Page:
“All chartered public schools shall accept qualified pupils from any school district. A pupil who meets the admission requirements of a chartered public school, and who is a resident of the district where the school is located, shall be given absolute admission preference over a nonresident pupil. Once admitted and unless expelled, chartered public school pupils need not reapply for admission for subsequent years.”
A universal school voucher program could have devastating effects on public schools and other state programs
If New Hampshire were to implement a universal school voucher program, it could have devastating effects on public district schools and public charter schools, as well as other programs funded by the state. In addition, by opening eligibility to all students regardless of family income, the state would be supporting wealthy families, leaving less state money for other state priorities.
In the 2022-2023 school year, 16,119 students attended a private school. If all of those students enrolled in the school voucher program, the program would cost nearly $62 million per year in new state spending, even before accounting for the additional aid categories.
About school vouchers in New Hampshire
New Hampshire’s school voucher program, also known as Education Freedom Accounts, EFAs, or Education Savings Accounts, are personal accounts that can be used to pay for certain education-related expenses, including private school tuition, homeschooling expenses, tutoring, books and materials, and transportation. Eligible families receive the base amount of state funding per student plus any additional aid for which their student qualifies (eligibility for school meals, special education services, English Language Learner program, or the third grade reading aid). When participating in the program, families agree not to enroll their child full-time into their resident district school or public charter school; however, families may enroll their children into public and charter schools part-time, depending on the policies of the school.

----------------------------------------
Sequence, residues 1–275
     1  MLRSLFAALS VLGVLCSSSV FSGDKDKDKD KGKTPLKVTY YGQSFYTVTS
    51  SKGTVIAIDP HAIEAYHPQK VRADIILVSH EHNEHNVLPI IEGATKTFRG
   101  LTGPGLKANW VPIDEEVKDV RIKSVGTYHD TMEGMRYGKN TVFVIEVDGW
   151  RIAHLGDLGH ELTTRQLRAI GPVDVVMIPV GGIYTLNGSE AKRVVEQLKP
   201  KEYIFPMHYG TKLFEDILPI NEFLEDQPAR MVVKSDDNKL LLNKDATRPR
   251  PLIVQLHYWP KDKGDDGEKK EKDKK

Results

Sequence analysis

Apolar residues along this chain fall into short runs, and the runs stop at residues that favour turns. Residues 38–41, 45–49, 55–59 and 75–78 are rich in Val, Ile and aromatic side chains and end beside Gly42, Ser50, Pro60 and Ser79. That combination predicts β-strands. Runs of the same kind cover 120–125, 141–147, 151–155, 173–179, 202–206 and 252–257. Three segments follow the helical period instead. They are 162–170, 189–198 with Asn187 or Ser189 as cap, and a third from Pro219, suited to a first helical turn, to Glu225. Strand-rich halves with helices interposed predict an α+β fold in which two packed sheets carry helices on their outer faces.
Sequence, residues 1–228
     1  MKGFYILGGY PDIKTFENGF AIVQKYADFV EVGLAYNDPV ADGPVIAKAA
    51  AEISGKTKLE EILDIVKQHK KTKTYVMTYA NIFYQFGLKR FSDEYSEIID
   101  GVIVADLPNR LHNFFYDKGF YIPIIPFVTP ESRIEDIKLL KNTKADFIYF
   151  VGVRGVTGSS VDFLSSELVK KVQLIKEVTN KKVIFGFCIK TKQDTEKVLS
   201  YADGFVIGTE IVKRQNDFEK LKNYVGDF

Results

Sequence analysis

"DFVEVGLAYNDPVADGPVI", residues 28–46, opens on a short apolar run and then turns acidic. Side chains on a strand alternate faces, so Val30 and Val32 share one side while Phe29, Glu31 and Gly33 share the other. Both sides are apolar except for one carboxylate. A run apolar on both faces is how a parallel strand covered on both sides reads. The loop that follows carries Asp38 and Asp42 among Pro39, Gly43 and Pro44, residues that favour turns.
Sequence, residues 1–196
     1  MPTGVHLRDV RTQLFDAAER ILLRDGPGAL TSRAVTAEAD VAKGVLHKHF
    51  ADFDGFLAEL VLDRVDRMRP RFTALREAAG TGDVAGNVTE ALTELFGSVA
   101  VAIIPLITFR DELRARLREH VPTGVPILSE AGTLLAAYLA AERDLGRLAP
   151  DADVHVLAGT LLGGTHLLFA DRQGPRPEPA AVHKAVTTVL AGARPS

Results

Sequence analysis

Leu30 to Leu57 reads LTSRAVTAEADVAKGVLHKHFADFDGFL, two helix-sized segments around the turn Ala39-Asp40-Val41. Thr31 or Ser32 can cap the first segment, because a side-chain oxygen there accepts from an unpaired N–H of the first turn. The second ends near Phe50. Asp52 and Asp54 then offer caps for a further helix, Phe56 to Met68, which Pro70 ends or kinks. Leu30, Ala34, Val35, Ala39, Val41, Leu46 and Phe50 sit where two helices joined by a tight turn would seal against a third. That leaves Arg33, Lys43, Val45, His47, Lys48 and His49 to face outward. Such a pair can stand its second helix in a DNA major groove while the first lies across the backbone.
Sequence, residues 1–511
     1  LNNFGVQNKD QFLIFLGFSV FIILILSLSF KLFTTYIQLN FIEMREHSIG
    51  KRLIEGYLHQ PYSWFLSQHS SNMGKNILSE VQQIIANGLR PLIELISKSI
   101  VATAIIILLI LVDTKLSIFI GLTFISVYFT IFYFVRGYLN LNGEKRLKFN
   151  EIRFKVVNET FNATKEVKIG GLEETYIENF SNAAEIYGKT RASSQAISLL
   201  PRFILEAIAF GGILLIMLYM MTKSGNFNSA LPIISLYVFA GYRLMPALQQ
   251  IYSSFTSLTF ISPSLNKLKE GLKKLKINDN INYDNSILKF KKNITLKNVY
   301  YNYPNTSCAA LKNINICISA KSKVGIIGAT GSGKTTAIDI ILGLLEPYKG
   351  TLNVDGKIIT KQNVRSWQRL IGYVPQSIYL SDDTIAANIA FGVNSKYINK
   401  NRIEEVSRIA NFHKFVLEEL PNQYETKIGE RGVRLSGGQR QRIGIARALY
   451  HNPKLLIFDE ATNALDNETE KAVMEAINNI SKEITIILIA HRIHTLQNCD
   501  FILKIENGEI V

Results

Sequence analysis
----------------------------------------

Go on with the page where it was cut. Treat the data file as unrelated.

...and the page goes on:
Currently, students are eligible if they are eligible to enroll in a New Hampshire public school and meet the income eligibility guidelines at the time of application, which is 300% of the Federal Poverty Guidelines as updated annually by the U.S. Department of Health and Human Services. Students only need to qualify in the first year of the program, and do not need to meet the income eligibility guidelines in subsequent years.
Independent studies have suggested that outcomes for participation in similar school voucher programs are, at best, mixed, but more recent studies have suggested that these programs have had significant negative effects on student outcomes for the students who participate in them and have diverted funding from public schools.
The taxpayer-funded accounts have cost the state roughly $24 million in state funds since the program began enrolling students in August 2021. Most of the funds are going to families who have already enrolled their students in private schools or homeschools, even before applying for a voucher.